Two Fridays ago, I visited my neighbourhood’s favourite food store. I had gone to pick up one item. I saw an older man being helped by a woman as I entered the aisle.
Nothing appeared unusual, just a younger person helping an older one with his purchase. However, everything turned ole mas when the man approached me to request two dollars. I was confused. I looked at him, appropriately clad for shopping—this was no vagrant.
He explained, in standard English, that the price of the product he desired had risen beyond what he had expected. He was two dollars short!
Stunned, I got out my wallet and handed over some change, more than was requested. My spirit was deeply disturbed. How could we have robbed this man of his dignity?
We could unfairly disparage the mothers with the hungry children and chastise them for their sexual decisions. What do we tell him?
He appeared to be a man who had worked all his life, based on the condition of his hands. Worn with calluses, his hands told his life story. How do we process this situation? Do we wish him away? Did I find myself in an uncomfortable situation that should vanish? Or should I deal with what this represents?
He was the face of the lack of food enabled by inflation in our country. An April 2022 World Food Programme and Caricom study reported an astronomical rise in a lack of food among our households. It is now estimated to affect one in every four households—30 per cent of our people are skipping meals or eating less than usual.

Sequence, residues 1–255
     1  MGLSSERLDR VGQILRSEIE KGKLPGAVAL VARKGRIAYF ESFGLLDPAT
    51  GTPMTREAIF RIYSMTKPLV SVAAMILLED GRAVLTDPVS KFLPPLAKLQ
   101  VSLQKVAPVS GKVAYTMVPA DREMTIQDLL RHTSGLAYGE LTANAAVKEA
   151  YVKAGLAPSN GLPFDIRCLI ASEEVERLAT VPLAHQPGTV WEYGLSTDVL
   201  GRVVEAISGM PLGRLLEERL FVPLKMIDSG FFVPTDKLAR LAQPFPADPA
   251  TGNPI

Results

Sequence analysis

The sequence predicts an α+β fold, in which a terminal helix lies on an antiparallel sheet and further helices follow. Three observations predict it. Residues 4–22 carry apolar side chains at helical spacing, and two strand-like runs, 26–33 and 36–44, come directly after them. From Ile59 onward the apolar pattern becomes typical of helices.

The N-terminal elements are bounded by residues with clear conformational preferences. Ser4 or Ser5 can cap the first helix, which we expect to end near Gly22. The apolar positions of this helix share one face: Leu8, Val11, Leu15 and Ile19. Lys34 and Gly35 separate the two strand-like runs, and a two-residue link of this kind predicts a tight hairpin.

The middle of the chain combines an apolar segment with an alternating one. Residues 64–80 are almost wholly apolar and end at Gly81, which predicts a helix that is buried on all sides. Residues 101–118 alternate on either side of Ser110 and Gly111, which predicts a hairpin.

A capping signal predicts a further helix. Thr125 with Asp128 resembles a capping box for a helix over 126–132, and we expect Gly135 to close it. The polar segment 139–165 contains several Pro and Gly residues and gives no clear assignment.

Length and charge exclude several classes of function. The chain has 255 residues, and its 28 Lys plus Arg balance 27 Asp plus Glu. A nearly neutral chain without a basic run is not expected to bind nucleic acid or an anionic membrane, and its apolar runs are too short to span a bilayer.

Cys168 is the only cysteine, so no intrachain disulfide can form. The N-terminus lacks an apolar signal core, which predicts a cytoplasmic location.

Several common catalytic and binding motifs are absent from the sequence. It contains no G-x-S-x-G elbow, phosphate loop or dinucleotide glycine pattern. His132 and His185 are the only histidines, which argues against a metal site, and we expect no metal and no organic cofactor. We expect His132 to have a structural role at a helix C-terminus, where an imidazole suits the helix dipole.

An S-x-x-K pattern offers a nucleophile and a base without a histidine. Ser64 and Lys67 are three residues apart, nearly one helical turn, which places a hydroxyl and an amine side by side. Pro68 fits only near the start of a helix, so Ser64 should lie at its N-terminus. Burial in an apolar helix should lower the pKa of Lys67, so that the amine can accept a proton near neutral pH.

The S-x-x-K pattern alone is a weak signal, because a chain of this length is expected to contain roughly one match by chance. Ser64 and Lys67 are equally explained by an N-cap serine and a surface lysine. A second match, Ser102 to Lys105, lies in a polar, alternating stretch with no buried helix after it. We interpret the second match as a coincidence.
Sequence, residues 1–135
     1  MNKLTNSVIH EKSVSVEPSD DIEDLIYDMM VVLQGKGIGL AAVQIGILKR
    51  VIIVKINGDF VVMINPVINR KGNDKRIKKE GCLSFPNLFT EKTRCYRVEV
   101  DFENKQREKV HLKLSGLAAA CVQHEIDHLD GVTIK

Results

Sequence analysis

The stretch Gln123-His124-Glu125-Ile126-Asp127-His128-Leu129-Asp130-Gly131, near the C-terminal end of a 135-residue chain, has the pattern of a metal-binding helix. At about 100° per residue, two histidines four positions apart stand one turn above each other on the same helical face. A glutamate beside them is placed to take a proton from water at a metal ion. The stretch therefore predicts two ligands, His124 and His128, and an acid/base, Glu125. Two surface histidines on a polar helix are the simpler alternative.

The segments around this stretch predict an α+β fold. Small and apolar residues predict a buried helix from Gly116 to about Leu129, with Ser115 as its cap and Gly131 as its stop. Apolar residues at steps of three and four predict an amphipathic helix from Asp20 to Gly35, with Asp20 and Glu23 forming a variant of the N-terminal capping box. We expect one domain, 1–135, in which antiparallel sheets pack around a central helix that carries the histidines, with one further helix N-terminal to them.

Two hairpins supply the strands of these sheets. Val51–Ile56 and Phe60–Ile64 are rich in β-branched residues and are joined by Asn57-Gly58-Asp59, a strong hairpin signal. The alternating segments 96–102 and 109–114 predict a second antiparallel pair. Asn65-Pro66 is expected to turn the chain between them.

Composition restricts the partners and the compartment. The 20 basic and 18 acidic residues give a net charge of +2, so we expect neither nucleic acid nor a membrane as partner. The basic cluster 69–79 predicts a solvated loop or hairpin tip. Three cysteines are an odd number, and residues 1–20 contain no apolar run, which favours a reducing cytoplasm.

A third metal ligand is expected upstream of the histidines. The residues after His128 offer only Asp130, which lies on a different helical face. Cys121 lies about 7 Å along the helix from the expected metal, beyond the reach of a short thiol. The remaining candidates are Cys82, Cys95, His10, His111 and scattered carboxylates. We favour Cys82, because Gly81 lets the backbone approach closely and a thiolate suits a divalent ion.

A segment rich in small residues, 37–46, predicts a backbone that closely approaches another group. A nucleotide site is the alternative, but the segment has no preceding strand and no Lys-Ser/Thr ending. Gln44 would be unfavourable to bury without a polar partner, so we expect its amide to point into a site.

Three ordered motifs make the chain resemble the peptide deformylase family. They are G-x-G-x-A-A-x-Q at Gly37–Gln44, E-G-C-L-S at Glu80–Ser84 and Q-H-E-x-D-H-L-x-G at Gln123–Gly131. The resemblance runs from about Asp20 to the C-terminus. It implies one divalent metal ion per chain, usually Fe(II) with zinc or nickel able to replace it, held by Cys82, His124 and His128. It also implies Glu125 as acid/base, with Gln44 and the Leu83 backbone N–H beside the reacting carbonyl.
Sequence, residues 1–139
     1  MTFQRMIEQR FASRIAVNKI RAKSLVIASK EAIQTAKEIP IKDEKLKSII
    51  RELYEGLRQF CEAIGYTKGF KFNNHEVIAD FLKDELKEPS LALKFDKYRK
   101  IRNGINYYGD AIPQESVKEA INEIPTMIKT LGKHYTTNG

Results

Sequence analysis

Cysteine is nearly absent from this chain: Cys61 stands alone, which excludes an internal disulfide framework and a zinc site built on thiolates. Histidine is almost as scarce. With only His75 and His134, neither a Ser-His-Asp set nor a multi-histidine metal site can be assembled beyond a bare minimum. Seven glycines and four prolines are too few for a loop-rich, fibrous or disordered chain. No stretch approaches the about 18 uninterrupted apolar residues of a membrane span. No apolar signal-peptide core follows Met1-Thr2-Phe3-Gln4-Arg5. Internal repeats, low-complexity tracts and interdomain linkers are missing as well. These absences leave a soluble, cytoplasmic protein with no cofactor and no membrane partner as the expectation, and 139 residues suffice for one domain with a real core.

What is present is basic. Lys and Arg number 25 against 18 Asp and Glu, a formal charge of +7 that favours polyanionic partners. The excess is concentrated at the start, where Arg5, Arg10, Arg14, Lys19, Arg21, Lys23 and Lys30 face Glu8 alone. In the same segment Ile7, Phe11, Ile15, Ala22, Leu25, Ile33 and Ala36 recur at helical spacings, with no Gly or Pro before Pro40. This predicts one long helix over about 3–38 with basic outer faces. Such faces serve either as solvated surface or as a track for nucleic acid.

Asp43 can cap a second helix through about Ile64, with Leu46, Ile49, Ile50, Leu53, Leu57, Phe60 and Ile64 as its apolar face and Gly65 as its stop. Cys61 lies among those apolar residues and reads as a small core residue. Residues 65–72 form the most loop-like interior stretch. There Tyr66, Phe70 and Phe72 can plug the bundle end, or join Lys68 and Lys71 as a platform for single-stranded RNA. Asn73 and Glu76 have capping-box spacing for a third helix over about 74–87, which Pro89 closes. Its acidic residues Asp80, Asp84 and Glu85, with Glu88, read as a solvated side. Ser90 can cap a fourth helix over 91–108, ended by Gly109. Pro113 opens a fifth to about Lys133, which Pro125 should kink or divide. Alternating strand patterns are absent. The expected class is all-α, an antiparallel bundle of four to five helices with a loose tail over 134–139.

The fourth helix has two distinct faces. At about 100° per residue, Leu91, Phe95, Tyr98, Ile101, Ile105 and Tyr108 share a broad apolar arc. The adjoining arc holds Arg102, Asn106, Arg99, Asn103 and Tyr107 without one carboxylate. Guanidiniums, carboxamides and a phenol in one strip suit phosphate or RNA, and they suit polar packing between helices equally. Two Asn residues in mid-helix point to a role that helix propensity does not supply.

This hunger situation deepens inequality in our society; it discards and dismisses some into invisibility and elevates the Benz-driving elites. The tragedy is that the rich among us flaunt their wealth and do not feel inclined to help the less fortunate.
We promote the ‘work harder’ myth without realising that there are structural barriers that inhibit social mobility and the capacity to feed oneself. Theirs is an uphill task at which they never succeed.
Not all pensioners are equal: some have had no significant loss of income and can surf the internet. Others are finding it very difficult to keep body and soul together.
One in eight of us is over 60 years old. We cannot accuse this man of being profligate. Nothing about his demeanour or dress spoke to a careless lifestyle. How is he expected to make ends meet?
He returned with the product and asked me to ascertain if it was the correct one. It was not, but more significantly, it was a tiny size on which super margins are made. Based on a casual examination of the shelf prices that evening, it appears that the price paid by the poor has risen more quickly and higher as a percentage than those enjoyed by the more fortunate.
It may seem that the difference is mere cents, but cumulatively it adds up and can tip a low-income family into hunger.
I got angry at his plight, even while he was effusively thanking me for ensuring that he got and could pay for the right product. I was annoyed that while two publicly listed supermarkets and grocery distributors had recently disclosed profits that were 25% up compared to a year ago, we have our elderly on fixed incomes struggling to figure out how to eat and buy much-needed medication.
How long do we believe that their savings will last under these conditions, which affect every aspect of their lives? What then? Homelessness?
If they have a medical emergency, what will they do? Is this what we, as a people, want for this group? They have worked, and now will we wish that they curl up in a corner and die?
The usual line to justify the recent rapid price increases is that our inflation is imported. But that is only part of the story.